Last week, the Alzheimer’s Association released an annual report that showed only 14%–one in seven–of older adults receive regular cognitive assessments at the doctor’s office.
Almost all seniors surveyed (94%) said they had seen a personal care physician for a regular exam in the past year, but less than half (47%) said the topic of thinking or memory problems came up. A little less than third (28%) said they had ever been assessed for problems with cognition. On the other hand, seniors are routinely examined for risk factors that might lead to more serious health problems like diabetes or heart disease, for which prevention is an absolutely necessary precaution.
“[This] stands in sharp contrast to regular screening or preventive services for other health factors: blood pressure (91%); cholesterol (83%), vaccinations (80%), hearing or vision (73%), diabetes (66%) and cancer (61%),” wrote the report authors.
As people age, Alzheimer’s disease only becomes more prevalent, says Being Patient. Three percent of people age 65-74, 17% of people age 75-84, and 32% of people age 85 and older have Alzheimer’s dementia, according to research from the 2010 US Census.
Clearly, an early diagnosis of Alzheimer’s that might be caught by a simple, non-invasive eye exam could translate into huge savings for patients and the medical system. “If all individuals who were alive in 2018 and will develop Alzheimer’s disease were diagnosed during the MCI (mild cognitive impairment) stage, $7.9 trillion could be saved,” according to the Alzheimer’s Association.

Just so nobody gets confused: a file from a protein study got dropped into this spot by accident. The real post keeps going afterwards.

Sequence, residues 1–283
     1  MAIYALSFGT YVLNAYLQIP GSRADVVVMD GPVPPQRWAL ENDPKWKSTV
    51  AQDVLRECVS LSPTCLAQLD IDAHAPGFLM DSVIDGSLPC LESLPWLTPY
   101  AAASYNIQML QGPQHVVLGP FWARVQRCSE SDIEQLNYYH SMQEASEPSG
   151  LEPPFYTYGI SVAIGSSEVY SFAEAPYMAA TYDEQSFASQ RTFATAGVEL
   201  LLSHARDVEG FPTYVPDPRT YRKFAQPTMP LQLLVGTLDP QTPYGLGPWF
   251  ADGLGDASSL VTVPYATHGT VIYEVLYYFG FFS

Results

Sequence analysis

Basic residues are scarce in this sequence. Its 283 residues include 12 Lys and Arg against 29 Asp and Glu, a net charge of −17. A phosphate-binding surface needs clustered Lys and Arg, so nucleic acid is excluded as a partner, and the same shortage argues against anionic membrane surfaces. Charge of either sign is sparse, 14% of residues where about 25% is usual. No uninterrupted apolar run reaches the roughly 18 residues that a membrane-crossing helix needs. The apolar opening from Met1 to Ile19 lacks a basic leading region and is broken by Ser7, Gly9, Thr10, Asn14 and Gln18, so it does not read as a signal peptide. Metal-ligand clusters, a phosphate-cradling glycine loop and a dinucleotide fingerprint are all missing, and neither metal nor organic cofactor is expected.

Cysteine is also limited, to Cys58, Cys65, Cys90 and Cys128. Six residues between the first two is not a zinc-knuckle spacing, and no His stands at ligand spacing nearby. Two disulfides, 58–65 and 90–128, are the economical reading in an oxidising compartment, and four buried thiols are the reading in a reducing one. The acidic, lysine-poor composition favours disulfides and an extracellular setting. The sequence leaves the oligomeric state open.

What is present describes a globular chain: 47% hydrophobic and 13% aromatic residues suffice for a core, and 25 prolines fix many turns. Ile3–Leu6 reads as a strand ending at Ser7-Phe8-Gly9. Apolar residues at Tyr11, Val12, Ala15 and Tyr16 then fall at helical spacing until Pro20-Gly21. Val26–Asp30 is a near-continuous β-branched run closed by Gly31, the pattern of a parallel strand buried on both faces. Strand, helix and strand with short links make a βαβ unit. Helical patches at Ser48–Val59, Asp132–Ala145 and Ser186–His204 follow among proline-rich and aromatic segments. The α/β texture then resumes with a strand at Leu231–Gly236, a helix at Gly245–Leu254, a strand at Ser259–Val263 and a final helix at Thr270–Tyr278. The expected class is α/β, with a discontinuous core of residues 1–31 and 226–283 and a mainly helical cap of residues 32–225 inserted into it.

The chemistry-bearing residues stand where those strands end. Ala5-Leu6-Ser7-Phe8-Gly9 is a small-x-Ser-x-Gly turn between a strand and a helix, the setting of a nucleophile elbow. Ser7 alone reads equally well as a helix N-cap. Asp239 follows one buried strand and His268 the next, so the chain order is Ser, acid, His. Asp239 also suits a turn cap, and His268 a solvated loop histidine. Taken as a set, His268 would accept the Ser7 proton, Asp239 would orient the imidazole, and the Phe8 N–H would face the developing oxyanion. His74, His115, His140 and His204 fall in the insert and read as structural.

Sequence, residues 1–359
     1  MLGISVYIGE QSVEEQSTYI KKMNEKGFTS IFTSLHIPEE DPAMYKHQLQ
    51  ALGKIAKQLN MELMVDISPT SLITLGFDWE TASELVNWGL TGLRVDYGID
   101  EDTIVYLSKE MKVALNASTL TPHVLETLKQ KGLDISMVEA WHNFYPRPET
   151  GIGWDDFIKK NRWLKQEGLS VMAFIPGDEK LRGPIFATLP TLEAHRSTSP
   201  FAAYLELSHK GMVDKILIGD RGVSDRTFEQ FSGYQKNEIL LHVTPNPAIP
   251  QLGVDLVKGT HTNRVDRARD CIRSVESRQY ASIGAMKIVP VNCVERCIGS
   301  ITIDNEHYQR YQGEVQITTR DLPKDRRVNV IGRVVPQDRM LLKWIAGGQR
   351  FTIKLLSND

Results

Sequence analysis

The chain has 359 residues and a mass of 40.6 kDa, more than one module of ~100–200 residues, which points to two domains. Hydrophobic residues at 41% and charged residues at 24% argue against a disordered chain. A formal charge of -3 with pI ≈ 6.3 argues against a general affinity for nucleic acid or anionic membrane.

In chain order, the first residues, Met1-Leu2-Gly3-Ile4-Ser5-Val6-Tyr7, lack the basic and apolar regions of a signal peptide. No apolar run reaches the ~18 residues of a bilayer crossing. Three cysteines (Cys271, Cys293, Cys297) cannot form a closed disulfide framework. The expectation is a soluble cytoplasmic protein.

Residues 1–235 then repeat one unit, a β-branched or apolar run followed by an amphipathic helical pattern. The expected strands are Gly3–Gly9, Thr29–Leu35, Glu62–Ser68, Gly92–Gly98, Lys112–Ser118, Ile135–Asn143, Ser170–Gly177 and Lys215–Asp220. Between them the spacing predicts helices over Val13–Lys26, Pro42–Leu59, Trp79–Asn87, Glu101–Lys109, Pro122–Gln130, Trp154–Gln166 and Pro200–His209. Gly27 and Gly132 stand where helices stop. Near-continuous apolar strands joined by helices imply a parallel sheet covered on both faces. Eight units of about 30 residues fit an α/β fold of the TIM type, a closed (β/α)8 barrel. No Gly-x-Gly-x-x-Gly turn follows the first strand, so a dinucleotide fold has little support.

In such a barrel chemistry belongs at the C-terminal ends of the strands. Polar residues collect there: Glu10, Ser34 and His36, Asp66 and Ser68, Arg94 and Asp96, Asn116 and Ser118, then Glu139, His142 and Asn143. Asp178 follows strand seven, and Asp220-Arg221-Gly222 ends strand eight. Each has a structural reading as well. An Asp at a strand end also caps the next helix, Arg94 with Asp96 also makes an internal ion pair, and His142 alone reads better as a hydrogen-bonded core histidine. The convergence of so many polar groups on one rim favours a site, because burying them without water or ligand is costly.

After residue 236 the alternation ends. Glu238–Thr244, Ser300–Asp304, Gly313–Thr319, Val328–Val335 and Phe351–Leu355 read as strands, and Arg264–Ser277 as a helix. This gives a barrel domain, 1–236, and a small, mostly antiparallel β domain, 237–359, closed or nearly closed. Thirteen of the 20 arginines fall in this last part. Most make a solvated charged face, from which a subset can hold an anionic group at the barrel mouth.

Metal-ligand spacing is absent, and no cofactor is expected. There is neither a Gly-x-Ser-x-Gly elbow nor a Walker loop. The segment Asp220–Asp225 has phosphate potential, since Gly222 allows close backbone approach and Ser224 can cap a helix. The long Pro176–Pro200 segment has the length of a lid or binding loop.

Early detection allows for patients to plan for the future, participate in activities that might help preserve their cognitive function (like quitting smoking or increasing exercise) and enroll in any clinical trials that might benefit them (and future Alzheimer’s patients).
And while 93% of doctors said patients either benefit or are not harmed by early detection of cognitive impairment, more than half said that patient resistance to cognitive testing stopped them from giving an assessment.
Even though 51% of seniors surveyed said they notice changes in their cognition, just 15% said they bring up their memory concerns to their doctor on their own. Four out of five seniors said memory assessment should be a normal part of the check-up.
Both doctors and patients rank cognitive testing as important, but that belief is not yet translating to everyday care.
However, the scientific community is taking notice that tests for early detection of cognitive problems–along with the physical signs of Alzheimer’s in the brain, which appear long before symptoms–are an important part of the fight against Alzheimer’s. Over the last few years, research into everything from a smell test for Alzheimer’s to a tool that looks deep into the eyes for beta-amyloid plaques has shown promise.
And let’s not forget that Bill Gates is funding what’s called the Diagnostics Accelerator, committing $30 million to the search for a “reliable, affordable, and accessible diagnostic” for AD. Now, with this latest study from Duke, we have something on the clinical horizon much more promising to help diagnose AD far earlier than ever imagined.
Like many of you, I have come face-to-face with relatives and friends living with AD who have gradually, slowly, disappeared before our eyes. Hopefully, this simple, non-invasive eye test is what we’ve been seeking that might someday help preserve all our cognitive health for a a good deal longer than today.
It’s my sense that the such day is fast approaching.